September 1, 2011

DTQ: What Makes A Horrible Restaurant High Chair?

Thanks to the SEO spammer who responded to the 4-year-old question about what makes a nice restaurant high chair with the highly unbelievable answer: more polypropylene, horrible design, krazy spelling, and pretending your kids love the colors!

In other words, the KiddiKone. You can look it up yourself.


It did make me wonder, though, just how low the bar is for restaurant high chairs. It's really almost never a question of what do you want, but what will you put up with for an hour, or 20-30 minutes.

Because once you're seated, and getting settled, it seems the decision's already made, and it's not like a ghetto busted high chair is going to make you turn and leave. [Though it may make you decide never to go back.]

I guess I wonder what the bare minimum of acceptability is, which is the point you never want to find yourself at, the moment where you seriously consider buying one of those quilted high chair/grocery cart covers. Let the shuddering begin.


It appears there is nothing approximating a foot rest, so the kid will be quite uncomfortable starting about 5 minutes into the experience.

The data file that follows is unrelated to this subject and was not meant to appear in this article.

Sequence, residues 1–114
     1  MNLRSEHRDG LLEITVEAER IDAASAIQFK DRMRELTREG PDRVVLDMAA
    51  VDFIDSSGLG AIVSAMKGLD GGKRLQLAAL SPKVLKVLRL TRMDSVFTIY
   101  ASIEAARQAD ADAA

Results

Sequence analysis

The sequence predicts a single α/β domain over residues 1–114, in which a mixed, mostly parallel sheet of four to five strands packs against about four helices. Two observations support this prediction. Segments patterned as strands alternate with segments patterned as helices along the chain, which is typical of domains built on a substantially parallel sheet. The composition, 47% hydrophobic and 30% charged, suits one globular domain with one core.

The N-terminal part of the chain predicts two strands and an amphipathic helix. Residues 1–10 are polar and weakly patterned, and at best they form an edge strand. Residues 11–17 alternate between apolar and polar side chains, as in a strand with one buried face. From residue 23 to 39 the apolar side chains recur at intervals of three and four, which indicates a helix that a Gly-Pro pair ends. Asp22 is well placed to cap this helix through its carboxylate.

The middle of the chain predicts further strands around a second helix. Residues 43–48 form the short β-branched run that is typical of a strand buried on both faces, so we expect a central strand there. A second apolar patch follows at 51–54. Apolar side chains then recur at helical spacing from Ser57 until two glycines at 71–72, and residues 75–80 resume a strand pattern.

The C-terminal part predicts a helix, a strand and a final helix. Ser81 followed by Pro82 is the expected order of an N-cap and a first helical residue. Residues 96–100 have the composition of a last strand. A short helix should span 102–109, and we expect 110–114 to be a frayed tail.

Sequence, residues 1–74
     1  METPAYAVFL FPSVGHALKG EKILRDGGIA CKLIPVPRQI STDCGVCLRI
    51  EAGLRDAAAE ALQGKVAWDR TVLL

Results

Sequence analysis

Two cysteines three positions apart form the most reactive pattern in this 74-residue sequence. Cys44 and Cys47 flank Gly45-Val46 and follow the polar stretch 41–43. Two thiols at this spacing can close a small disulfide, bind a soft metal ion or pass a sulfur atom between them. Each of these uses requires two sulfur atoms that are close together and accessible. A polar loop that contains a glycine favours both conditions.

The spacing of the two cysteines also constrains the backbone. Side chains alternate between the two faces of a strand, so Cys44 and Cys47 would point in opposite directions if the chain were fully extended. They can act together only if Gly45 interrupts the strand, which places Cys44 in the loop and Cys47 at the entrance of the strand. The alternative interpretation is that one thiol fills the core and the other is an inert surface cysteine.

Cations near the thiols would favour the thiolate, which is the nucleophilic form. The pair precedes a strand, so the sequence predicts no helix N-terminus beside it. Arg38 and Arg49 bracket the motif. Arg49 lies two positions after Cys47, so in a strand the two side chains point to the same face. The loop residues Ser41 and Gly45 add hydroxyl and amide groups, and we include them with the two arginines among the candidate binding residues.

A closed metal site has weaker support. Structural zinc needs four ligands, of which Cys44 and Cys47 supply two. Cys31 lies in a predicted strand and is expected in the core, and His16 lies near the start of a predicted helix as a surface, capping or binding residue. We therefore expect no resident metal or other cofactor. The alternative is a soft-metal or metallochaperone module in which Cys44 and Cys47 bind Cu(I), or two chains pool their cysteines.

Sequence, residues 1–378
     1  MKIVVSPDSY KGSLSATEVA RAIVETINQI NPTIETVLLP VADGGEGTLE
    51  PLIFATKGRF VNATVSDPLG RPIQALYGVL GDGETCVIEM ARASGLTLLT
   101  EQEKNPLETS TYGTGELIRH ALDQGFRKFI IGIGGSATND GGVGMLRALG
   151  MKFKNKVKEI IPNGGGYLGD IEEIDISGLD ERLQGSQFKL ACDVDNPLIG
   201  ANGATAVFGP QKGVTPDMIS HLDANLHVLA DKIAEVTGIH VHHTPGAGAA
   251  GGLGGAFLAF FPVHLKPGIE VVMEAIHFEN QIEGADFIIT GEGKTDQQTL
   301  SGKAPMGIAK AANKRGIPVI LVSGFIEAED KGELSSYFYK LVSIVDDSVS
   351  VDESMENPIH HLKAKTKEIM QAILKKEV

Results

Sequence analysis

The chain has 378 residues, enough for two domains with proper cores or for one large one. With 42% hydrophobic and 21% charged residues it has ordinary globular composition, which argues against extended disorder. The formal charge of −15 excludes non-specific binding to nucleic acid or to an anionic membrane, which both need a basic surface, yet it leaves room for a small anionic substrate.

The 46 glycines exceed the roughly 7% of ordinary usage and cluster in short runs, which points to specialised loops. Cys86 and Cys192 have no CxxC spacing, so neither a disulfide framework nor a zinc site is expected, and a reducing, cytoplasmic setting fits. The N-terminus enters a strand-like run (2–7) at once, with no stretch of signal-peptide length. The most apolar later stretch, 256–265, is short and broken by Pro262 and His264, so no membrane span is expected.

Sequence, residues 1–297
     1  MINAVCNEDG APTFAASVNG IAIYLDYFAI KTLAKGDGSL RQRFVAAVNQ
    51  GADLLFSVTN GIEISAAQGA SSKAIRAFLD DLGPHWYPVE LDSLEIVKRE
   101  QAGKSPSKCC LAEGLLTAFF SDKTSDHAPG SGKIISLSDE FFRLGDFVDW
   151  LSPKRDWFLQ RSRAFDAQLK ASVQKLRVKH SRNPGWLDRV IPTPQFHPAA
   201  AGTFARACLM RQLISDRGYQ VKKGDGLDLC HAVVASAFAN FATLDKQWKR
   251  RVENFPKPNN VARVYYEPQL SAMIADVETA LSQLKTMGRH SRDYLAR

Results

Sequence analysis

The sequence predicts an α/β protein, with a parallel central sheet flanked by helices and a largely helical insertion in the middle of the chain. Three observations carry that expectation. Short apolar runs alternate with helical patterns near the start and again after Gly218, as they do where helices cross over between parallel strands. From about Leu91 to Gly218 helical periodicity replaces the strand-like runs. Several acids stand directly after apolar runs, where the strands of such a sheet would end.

Also, the pictured kid is probably old enough to sit on a booster seat, not in an actual high chair. Maybe the smaller kids couldn't be bribed to pretend it was fun.

Was that chair sculpted by this guy?

Hahaha, we just watched that the other day. Dreyfuss throwing his yard into the kitchen window was the kid's favorite part. Small child and mom terrorized by loud lights and appliances, not so much.

We were once in a Korean restaurant where they dragged out a plastic POS from the 80s that had basically never been cleaned. It took some convincing to keep my wife from grabbing the kid and heading for the exit.

I can't see why any restaurant wouldn't have the standard wooden, stackable, flip-upside-down-able to fit an infant car seat, indestructible (aside from the belt) high chair. These are in most restaurants and are perfect.

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